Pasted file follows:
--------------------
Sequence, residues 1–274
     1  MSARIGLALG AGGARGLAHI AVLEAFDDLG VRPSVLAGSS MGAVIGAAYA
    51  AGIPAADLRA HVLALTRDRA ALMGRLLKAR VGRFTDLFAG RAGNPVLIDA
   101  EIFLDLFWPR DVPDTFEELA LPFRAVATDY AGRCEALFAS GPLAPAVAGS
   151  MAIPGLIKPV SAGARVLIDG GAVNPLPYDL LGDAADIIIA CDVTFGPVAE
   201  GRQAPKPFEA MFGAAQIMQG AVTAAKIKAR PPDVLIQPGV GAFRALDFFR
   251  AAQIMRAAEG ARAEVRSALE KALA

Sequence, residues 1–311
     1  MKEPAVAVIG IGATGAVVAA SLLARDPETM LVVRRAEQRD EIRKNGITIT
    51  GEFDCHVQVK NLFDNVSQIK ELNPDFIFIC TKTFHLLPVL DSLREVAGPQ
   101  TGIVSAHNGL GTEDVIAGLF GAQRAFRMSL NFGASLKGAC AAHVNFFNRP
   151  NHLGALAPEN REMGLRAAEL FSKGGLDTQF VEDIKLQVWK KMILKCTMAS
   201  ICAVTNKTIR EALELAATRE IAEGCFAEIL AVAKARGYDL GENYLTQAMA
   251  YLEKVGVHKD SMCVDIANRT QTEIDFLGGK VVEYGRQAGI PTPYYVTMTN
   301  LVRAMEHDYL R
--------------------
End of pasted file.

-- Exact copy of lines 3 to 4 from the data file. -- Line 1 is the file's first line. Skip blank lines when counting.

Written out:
    51  AGIPAADLRA HVLALTRDRA ALMGRLLKAR VGRFTDLFAG RAGNPVLIDA
   101  EIFLDLFWPR DVPDTFEELA LPFRAVATDY AGRCEALFAS GPLAPAVAGS